Lawyers representing the Hong Kong government in a high-profile LGBTI rights court case appeared to flounder in the final phase of the legal battle on Tuesday (7 May).
Immigration officer Angus Leung, who married his husband in New Zealand five years ago, sued the government in 2015.
The government had refused to recognize his marital status and grant his husband benefits such as medical insurance.
Hong Kong’s top court is now conducting the final hearings in the case and is expected rule in the next few months.
Lawyers representing Leung on Tuesday argued same-sex marriage was no different from any other marriage, according to local media RTHK.
But, government lawyers said Hong Kong only recognized marriage between a man and a wife.
They said granting benefits would undermine the ‘special status’ of marriage in Hong Kong.
Leung’s lawyer, Karon Monaghan QC, pushed the government to explain:
‘It has to be justified. It’s not enough to say marriage is special and unique’.
Justice Roberto Ribeiro, one of the presiding judges, also asked: ‘Why are you saying that it was undermining the tradition of marriage…because a gay person is now allowed to see a dentist’.
Monaghan maintained the government had failed to form a ‘rational connection’ between marriage as ‘special and unique’ and granting Leung his rights.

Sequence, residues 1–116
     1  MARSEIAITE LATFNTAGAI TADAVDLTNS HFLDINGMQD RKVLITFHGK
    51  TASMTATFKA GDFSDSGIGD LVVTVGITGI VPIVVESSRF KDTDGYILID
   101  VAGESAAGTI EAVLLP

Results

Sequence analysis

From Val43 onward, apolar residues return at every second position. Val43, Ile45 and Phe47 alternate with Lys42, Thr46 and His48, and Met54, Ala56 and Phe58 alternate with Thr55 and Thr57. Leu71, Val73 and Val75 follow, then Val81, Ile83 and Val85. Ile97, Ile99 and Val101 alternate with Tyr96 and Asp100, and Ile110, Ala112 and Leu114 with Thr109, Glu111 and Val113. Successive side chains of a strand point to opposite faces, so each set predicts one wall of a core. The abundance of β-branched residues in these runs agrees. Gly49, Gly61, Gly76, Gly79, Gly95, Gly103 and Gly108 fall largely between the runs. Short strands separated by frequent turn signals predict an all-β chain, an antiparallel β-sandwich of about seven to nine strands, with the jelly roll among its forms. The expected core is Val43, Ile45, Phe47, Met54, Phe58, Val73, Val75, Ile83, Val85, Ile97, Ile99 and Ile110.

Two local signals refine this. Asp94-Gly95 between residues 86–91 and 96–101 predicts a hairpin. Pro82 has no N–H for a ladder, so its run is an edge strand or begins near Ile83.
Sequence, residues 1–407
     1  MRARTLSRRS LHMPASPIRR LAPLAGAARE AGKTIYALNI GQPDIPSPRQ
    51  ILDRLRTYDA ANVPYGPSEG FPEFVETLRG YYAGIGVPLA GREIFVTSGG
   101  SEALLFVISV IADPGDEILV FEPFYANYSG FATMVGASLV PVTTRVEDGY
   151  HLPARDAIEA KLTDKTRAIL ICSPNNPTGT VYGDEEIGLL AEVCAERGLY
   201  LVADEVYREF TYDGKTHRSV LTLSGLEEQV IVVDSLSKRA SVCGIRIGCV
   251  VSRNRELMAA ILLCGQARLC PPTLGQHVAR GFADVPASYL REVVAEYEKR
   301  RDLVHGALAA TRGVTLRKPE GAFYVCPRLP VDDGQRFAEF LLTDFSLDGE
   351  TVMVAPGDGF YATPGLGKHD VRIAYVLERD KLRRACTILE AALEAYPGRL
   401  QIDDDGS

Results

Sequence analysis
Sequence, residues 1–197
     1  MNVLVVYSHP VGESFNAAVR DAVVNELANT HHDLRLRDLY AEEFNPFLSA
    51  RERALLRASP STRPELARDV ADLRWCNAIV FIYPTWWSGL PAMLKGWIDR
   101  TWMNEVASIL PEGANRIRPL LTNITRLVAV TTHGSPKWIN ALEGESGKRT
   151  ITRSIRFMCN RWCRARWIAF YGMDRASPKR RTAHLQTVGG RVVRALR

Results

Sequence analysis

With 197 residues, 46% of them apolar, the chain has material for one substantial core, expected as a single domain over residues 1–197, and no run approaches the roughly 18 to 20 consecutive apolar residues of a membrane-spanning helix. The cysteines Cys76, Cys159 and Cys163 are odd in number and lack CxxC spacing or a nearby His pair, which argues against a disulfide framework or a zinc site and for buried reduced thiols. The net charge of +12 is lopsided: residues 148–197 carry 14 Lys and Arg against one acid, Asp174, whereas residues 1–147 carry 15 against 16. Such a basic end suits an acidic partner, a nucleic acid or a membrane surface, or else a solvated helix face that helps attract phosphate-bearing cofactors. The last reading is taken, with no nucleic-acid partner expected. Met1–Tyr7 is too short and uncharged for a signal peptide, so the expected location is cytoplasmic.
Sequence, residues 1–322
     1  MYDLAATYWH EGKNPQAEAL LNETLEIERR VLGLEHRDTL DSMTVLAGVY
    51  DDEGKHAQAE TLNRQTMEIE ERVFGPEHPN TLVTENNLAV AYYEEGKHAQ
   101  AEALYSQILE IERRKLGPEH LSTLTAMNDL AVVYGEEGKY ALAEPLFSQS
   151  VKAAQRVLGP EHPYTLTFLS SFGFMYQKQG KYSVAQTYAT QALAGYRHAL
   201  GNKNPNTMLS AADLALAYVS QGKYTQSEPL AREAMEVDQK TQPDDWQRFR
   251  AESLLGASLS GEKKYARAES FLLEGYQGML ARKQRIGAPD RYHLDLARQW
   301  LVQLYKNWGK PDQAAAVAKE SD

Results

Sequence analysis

‘It is the way it is. It has always been what it is. But that is not a reason for excluding a same-sex couple,’ she said. ‘That is entirely circular.’
LGBTI rights activist Billy Leung said it was ‘morally and legally indefensible’ that the Hong Kong government claimed to be committed to equal opportunities but was now fighting to ensure gay and lesbians civil servants don’t get equal treatment.
‘As the largest single employer of Hong Kong, a win for Angus will mean that married gay and lesbian people working in the civil service will have equal benefits as their heterosexual counterparts’ he told Gay Star News.
Long battle for equality
Angus Leung initially filed for judicial review in 2015. He alleged violations of the Basic Law, the Hong Kong Bill of Rights and the Sexual Discrimination Ordinance by his employers and the tax department.
They both refused to fully recognize his union as Hong Kong does not allow same-sex marriage.
In 2017, the Court of First Instance ruled the Civil Service Bureau should provide Leung’s husband spousal benefits. But it did not side with Leung on his application for joint tax returns.
Significantly, the judge said the ruling would not legalize same-sex marriage.
In July 2018, however, Hong Kong’s Court of Appeal quashed the ruling. The judge argued that the city’s mini-constitution, the Basic Law, favors heterosexual unions.
This latest court case for LGBTI rights comes after the Court of Final Appeal in July ruled Hong Kong’s immigration department must recognize same-sex unions in spousal visa applications.